What you do is describe the moment you are living in to yourself. “I am sitting in a chair, the chair is green, I hear a bird outside. I hear a car drive past. There is a clock ticking next to me.’ The idea is to attempt to remain present in the moment you are in. You may find this easier said than done. You might find yourself drifting off, thinking about things that are associated with the moment you are describing. This is the background noise getting back into your moment and taking you away from the present.
You aim is for stillness in yourself. All in attempts to be in the moment — moment to moment.
Often it is suggested to try and do this once a day for 15 to 20 minutes. Some do it at times of stress or panic. Another suggestion is to do these practices before eating. I have a friend has done TM meditation for 45 years. He says that eating before doing meditation makes it more difficult to settle and as the body itself is focused on digestion after eating.
Sit comfortably in a chair for these. You can lay down but you might find you may fall asleep which is fine but different than aiming at being still. Try not to cross or fold your arms or legs. If you are sitting try to keep your feet planted flat on the floor.
BREATHING – When you are comfortable begin by listening to your breathing. Concentrate on the sound of your inhalation and exhalation. While doing this try to clear your mind of all thoughts – keeping all focus on sound of air entering and exiting your lungs through your mouth or nose.
COUNTING – Rather than listen to your breathing you might want to count. I find that counting 1,2 on the inhale and 3,4 on the exhale helps. You might find that counting in time with your breathing doesn’t quite work and you might be thinking too much. If that happens simply focus only on hearing the words in your head – 1,2,3,4 over and over again.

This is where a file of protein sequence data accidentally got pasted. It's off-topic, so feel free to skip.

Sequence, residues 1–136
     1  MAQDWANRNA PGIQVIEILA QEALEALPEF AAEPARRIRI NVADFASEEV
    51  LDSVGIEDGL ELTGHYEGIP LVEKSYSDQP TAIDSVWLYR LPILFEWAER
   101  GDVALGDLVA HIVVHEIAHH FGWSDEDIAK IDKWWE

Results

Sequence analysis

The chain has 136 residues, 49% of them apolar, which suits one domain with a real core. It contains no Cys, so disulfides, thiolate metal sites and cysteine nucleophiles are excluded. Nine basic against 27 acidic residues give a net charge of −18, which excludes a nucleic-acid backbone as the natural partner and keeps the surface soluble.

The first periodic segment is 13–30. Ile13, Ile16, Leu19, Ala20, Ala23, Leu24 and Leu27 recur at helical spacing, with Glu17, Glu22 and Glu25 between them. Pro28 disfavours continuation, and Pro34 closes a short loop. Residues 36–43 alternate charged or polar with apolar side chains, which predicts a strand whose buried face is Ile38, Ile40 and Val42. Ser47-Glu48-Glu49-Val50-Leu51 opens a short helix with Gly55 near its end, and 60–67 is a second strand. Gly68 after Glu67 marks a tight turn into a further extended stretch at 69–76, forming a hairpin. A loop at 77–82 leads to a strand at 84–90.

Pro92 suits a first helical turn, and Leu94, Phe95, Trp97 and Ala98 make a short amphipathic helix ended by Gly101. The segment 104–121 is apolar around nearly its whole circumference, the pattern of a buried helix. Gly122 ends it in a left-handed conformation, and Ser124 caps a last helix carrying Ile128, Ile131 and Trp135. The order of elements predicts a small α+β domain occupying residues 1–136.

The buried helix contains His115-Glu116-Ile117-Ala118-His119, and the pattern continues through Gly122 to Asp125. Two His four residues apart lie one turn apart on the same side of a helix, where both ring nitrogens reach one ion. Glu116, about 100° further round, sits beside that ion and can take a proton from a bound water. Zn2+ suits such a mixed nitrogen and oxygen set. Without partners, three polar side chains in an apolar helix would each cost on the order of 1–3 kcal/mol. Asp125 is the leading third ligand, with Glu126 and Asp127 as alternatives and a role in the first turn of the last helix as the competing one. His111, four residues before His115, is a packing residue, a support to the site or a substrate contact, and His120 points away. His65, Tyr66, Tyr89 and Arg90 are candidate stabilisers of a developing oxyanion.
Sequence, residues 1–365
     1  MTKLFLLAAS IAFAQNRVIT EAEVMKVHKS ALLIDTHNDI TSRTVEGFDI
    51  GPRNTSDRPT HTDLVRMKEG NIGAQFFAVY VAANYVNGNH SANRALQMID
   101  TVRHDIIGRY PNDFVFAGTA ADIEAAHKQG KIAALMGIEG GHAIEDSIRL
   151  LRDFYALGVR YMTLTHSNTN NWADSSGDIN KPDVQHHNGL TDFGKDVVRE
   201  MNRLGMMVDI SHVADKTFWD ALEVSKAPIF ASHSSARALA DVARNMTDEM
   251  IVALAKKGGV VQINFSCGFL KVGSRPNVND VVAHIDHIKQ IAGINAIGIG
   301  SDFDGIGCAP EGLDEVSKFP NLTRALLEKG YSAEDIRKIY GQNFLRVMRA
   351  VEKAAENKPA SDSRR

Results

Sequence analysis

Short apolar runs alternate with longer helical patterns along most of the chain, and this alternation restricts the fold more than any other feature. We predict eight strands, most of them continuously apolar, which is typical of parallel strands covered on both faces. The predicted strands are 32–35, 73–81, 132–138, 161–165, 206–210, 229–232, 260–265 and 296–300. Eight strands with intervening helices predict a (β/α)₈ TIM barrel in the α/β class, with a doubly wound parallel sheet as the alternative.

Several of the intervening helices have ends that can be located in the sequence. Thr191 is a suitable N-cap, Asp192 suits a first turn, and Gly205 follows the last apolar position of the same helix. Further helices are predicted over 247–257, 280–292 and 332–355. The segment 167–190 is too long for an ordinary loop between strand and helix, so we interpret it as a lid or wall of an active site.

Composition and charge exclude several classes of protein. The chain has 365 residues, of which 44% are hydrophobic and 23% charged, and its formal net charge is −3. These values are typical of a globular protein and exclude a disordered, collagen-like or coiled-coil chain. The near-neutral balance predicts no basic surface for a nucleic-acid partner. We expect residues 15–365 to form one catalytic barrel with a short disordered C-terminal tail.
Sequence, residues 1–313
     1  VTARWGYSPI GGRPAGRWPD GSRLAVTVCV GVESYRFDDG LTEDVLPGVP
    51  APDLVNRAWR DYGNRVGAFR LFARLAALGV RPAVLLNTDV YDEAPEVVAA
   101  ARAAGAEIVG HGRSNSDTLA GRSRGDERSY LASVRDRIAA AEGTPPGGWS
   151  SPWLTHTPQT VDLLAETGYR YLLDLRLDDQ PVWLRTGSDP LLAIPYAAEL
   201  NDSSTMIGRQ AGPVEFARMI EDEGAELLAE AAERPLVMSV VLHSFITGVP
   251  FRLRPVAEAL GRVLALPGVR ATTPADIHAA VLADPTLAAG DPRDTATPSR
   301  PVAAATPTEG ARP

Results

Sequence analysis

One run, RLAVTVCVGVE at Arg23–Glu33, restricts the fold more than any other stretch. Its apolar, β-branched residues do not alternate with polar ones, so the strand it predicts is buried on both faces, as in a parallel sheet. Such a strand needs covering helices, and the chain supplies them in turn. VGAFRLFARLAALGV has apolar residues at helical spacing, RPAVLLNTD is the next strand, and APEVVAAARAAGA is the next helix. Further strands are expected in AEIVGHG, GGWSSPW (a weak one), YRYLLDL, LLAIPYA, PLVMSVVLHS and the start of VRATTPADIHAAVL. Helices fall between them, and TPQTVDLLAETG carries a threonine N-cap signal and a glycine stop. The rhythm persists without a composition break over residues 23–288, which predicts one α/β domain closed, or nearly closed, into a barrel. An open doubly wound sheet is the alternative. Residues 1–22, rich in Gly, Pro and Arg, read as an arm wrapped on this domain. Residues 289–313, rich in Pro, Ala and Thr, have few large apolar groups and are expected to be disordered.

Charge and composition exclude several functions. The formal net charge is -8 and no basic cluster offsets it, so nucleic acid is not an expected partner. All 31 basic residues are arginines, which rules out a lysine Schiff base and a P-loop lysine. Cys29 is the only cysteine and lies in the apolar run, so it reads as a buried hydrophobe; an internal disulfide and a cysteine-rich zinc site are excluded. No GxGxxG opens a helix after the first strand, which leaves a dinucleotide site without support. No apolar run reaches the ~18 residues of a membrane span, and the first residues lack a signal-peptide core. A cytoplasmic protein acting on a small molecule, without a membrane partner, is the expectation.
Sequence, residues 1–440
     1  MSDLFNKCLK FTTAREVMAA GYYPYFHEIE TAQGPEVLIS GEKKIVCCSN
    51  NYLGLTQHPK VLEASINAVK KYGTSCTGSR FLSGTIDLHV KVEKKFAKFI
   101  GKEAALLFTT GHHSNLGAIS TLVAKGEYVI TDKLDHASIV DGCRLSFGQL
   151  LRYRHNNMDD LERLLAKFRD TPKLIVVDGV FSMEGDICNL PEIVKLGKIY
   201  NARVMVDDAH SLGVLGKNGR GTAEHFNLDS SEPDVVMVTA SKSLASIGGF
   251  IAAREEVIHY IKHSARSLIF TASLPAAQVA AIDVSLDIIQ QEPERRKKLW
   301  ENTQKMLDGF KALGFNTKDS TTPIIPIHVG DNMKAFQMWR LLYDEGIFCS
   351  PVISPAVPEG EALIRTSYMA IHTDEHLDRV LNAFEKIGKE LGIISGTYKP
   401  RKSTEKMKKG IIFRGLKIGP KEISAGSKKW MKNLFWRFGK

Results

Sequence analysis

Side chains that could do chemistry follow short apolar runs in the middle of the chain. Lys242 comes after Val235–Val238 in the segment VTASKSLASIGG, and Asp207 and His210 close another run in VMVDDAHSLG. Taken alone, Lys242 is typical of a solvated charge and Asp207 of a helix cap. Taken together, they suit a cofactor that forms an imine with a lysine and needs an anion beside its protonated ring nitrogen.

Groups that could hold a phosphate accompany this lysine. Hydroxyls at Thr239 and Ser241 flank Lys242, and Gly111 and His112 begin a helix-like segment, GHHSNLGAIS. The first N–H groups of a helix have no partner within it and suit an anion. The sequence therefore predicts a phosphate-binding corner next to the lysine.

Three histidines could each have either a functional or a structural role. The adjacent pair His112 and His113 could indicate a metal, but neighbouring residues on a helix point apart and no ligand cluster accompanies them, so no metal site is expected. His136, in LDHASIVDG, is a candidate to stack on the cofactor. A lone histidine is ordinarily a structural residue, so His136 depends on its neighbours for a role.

USING A MANTRA – This is more traditional meditation. The idea is you repeat a word over and over to keep your focus. Often “Om” is used. Ommmmm! It is Sanskrit and said to be ‘the sound of the universe’. There has been a lot of research about the sound and how it reverbs within the body aiding the meditative state.
BELLS – Many people find it helpful to have a noise to focus on. Many practice meditation using bells rung every so often to bring them back to the moment if they have begun to drift into thoughts that will take them out of the moment.
SOUND MACHINE OR WHITE NOISE GENERATOR – These work the same way. You can often download these sounds for smartphones. I have something I downloaded that is a 30-minute loop of “Om” being chanted. I will often listen to in on the tube and find it very helpful for staying centered.
This is only a small idea of what mindfulness is and how it can help. As always I suggest trying these tools, keeping in mind they are tools. Often it can help in combination with counselling or psychotherapy if you are experiencing high levels of panic distress or anxiety.
If you are experiencing issues with panic or stress and want to speak to someone about it why not get in touch with the ROC Clinic and arrange an initial assessment with our psychotherapist.